*We have constructed the table using the QIS5 calibrations, published on 5th July 2010. The modified duration calculations are based on a 5% coupon bond trading at par. Under current proposals government bonds issued by OECD countries are not going to incur a capital charge. Source: EIOPA, Credit Suisse

Credit: QIS5 calibration


Rating Class AAA AA A BBB BB B or Lower Unrated Rating Class 0.9% 1.1% 1.4% 2.5% 4.5% 7.5% 3.0% Duration Floor 1 1 1 1 1 1 1 Duration Cap 36 29 23 13 10 8 12

Credit Capital Charge based on QIS 5: Mktspbonds = Modified Duration * F (Ratingi) Example: For a 10m holding in A bond with a 5-year modified duration, the capital charge would be 5 x 1.4% = 7.0% (or 7.0% x 10m = 0.70m)

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Solvency II: QIS 5 Implications from the revised credit capital requirements
Given the multiple changes we have seen to the Solvency 2 proposals to date, it is highly likely that these rules can change again. However, assuming the rules remain largely unchanged and where internal modules are used, they do not result in capital charges materially different to the standard model, we would see the following potential implications on the back of the new credit related capital module: Insures preference for front end of credit curve : Given the progressive nature of the credit capital requirement as duration is added, insurers are incentivised to take credit risk at the front end under the credit risk model. For instance, on an A rated exposure with a mod dur of 1, the capital charge is 1.4% while for an A-rated security with a mod dur of 7, the capital charge is 9.8% (1.4% * 7 as per table on previous page). Credit curves are not nearly steep enough to compensate insurers for such incremental capital requirements on additional duration which could attract insurers to shorter credit products. (Interest rate risk can still be managed by swaps to ensure overall duration mismatch of assets to liabilities is reduced as such mismatch will attract a capital charge) Lower demand for credit by insurers than under previous version of the specifications due to the higher net capital requirement than under the previous version of the specifications. For instance, certain government exposures might be much more attractive to hold than credit. There will be no capital requirement for government risk of any EEA state which was also the case under the previous version. However, the relative difference in capital requirement compared to other credit has increased meaningfully under the latest specifications due to the loss of the discount rate benefit in the credit stress test. For instance, an exposure to a Greek government bond with a 10 mod duration will result in a zero percent capital charge while a 10 mod dur exposure to a AA rated corporate bond is 11%. (The latter would have been much lower on a portfolio basis for an average insurer under the previous module given the inclusion of the wider illiquidity premium in the credit stress discount rate) Increased incentive for insurers to hold covered bonds: Covered bonds rated AAA have received preferential treatment, with 0.6% spread widening factor compared to 0.9% widening factor for other AAA corporate bonds Long duration BB (and lower rated bonds) will remain of very low interest to insurers: Although this has not changed that materially compared to previous version based on the investment grade index used in calculating the widening of the discount rate in the credit stress scenario, it is still important to reiterate. In BIG credit, insurers might potentially exclusively only take short term risk based on current curves given the extent of additional capital required to add duration. (A BB corporate bond with mod dur of 1 will have a 4.5% capital charge while a BB corporate bond with mod dur of 5 will have a 22.5% capital requirement for instance)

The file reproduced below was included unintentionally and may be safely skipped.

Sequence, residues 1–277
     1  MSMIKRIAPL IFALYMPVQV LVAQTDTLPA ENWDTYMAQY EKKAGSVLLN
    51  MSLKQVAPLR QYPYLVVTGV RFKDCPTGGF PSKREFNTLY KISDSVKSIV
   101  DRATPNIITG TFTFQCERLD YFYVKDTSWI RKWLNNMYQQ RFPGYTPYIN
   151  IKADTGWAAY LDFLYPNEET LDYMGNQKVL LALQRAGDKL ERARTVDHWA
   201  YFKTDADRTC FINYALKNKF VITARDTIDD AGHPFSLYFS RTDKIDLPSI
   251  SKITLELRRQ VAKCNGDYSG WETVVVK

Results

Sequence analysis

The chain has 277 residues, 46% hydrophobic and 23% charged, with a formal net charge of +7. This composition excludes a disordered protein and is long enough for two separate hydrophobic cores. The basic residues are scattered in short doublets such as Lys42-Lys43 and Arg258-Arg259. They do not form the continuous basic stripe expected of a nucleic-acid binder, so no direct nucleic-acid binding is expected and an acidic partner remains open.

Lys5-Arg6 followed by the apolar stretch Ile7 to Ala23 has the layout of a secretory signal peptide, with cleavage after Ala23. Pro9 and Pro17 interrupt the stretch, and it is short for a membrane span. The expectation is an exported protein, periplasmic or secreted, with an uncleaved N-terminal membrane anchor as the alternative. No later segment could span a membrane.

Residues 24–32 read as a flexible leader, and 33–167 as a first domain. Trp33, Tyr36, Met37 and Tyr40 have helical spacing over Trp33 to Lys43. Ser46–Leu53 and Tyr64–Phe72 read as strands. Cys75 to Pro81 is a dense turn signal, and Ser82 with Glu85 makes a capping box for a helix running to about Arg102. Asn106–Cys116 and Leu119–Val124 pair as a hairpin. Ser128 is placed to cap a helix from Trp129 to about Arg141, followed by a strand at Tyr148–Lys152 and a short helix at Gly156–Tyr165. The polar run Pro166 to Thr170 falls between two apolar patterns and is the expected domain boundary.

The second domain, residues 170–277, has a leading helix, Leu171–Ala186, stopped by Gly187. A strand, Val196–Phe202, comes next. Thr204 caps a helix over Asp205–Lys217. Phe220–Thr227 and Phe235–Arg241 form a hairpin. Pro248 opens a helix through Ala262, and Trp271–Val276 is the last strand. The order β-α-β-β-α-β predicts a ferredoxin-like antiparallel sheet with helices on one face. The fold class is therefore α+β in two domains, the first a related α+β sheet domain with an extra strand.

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European Banks
Appendices

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Basel III: Base Requirements for Tier 1 Hybrids